When Meat Loaf Was a Motown Singer
For more than five decades, the idea of Meat Loaf of Motown has been a legend of almost mythic proportions. But it is, in fact, the truth, and was long a source of pride in the late singer's career.
His short tenure at the iconic Detroit label is being celebrated again with the recent release of Everything Under the Sun -- The Motown Recordings, a collection of the material he and Shaun "Stoney" Murphy laid down during 1971. It features the entire Stoney & Meatloaf album released during October of that year for Motown's Rare Earth subsidiary, along with a wealth of additional material recorded during and shortly after.
"As time goes on, it just seems more and more surreal that I was on Motown, but I love that," Meat Loaf told UCR last October, three months before his death Jan. 20 at the age of 74. "I got my rock 'n' roll roots in Detroit. It was a great scene. And then to be on one of the greatest labels in the world...it still seems unreal."
Listen to 'The Way You Do the Things You Do' by Stoney & Meatloaf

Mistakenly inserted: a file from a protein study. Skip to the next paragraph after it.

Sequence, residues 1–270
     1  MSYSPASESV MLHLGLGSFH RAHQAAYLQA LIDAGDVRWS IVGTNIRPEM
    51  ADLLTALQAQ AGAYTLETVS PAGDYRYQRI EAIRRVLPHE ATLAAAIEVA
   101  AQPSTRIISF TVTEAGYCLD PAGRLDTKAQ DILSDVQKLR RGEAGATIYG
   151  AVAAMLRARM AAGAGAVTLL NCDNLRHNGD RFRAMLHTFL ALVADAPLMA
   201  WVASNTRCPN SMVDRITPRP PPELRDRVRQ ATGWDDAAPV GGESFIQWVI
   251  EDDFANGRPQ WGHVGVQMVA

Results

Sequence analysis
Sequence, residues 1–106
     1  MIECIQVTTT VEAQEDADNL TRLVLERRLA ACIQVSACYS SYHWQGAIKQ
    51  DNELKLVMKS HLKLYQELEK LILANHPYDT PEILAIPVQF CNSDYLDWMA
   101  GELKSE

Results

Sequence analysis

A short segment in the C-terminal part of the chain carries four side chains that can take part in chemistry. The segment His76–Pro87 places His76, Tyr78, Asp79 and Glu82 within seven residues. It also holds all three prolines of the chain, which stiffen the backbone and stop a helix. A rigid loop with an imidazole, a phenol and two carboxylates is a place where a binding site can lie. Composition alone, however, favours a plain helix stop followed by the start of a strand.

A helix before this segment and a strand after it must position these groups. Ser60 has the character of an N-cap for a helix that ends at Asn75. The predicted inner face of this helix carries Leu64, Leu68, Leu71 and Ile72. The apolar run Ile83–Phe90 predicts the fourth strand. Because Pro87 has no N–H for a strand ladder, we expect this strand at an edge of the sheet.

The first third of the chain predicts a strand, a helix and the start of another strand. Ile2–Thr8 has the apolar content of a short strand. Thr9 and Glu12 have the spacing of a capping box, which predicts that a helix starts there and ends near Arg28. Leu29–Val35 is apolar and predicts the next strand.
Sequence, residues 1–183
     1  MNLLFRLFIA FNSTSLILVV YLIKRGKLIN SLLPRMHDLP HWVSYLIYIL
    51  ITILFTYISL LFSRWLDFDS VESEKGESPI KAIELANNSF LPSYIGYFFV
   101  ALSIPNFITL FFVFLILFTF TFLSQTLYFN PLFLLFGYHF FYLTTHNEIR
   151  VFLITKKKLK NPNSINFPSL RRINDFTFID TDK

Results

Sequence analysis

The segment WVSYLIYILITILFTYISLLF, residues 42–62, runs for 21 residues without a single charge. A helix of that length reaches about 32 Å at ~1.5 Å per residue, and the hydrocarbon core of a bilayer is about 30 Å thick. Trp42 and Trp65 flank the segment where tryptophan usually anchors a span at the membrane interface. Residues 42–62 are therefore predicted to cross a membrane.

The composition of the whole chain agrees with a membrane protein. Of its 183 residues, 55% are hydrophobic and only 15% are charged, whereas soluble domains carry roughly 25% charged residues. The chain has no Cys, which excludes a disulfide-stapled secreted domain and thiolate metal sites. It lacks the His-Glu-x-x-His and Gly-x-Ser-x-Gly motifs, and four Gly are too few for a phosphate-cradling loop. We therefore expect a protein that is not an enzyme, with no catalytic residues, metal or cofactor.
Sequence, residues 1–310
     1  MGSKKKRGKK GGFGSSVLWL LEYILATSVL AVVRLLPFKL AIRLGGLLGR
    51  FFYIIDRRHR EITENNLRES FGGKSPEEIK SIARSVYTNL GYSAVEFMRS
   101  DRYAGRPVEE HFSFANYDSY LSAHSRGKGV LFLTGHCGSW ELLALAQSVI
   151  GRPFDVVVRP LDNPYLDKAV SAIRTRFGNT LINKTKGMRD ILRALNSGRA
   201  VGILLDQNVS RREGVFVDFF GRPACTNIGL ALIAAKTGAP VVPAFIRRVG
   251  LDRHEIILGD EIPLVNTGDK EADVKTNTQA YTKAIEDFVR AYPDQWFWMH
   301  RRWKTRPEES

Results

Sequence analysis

Though he hailed from Texas, Meat Loaf was actually well-established in Detroit by the time Motown came calling.
He had moved from California to Michigan during 1967, after his band Meat Loaf Soul failed to ignite and bandmate Pete Woodman, who had been part of the Bossmen from Flint, suggested relocating. There, with help from the wife of Dow Chemical's chairman, they started the band Popcorn Blizzard (later the Floating Circus), which recorded and played in the region, including at Detroit's legendary Grande Ballroom.
"Meat Loaf was very easy to work with, very professional and hard-working," the late Grande founder Russ Gibb recalled many years later. "You know what he reminded me of -- and I don't mean this in an insulting way -- but a damn good bar musician. You name it, and he'd serve it up. Some of the guys were very limited but Meat Loaf would give the customers what they wanted."
Murphy, who was singing in Detroit bands such as Wilson Mower Pursuit and Jack Wade & the Soul Searchers, first met Meat Loaf on that circuit and they became passing acquaintances. "There were so many great local bands, and we'd play all the same festivals," she recalls. "I just remember he was one of the great singers on the scene...and a hell of a nice guy."
They would not become Stoney & Meatloaf for a few more years, however, when both were appearing in a production of the musical Hair at Detroit's Vest Pocket Theater in 1971. Meat Loaf led the company through the opening "Aquarius," while Murphy's rendition of "Easy to Be Hard" was a nightly showstopper. Russ Terrana, an engineer at Motown, saw the production and came back raving to his twin brother Ralph, a producer and songwriter who was working primarily with the Rare Earth imprint.